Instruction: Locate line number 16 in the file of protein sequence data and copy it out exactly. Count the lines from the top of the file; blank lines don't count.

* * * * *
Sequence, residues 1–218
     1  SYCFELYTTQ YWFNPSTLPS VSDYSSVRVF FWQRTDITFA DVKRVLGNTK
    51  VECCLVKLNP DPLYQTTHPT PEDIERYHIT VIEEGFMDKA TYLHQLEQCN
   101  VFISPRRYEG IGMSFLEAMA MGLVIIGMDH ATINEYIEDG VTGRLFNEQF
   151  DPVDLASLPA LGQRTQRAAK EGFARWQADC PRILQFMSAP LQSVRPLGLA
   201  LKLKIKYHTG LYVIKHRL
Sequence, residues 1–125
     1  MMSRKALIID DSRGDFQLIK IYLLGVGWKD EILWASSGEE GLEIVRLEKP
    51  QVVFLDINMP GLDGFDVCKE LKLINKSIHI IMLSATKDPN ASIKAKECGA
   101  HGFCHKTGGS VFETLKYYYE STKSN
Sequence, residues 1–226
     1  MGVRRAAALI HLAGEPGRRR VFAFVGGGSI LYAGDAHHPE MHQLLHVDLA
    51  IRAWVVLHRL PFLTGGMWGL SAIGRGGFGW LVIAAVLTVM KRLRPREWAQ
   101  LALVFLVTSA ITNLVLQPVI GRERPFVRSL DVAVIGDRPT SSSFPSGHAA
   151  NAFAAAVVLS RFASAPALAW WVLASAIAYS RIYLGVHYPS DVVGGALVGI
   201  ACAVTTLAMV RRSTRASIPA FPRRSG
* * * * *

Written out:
   201  ACAVTTLAMV RRSTRASIPA FPRRSG